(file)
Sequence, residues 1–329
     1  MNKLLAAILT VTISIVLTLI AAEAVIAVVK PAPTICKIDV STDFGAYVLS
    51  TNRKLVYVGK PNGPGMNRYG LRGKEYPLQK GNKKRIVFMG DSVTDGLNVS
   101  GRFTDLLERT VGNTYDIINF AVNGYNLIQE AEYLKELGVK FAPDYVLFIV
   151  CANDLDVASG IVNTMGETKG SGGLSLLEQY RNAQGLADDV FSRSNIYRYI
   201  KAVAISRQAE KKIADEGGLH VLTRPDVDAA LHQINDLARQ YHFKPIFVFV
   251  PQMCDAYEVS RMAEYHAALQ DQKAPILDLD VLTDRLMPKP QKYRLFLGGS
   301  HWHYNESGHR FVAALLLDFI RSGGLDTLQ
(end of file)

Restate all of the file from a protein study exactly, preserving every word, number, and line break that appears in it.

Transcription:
Sequence, residues 1–329
     1  MNKLLAAILT VTISIVLTLI AAEAVIAVVK PAPTICKIDV STDFGAYVLS
    51  TNRKLVYVGK PNGPGMNRYG LRGKEYPLQK GNKKRIVFMG DSVTDGLNVS
   101  GRFTDLLERT VGNTYDIINF AVNGYNLIQE AEYLKELGVK FAPDYVLFIV
   151  CANDLDVASG IVNTMGETKG SGGLSLLEQY RNAQGLADDV FSRSNIYRYI
   201  KAVAISRQAE KKIADEGGLH VLTRPDVDAA LHQINDLARQ YHFKPIFVFV
   251  PQMCDAYEVS RMAEYHAALQ DQKAPILDLD VLTDRLMPKP QKYRLFLGGS
   301  HWHYNESGHR FVAALLLDFI RSGGLDTLQ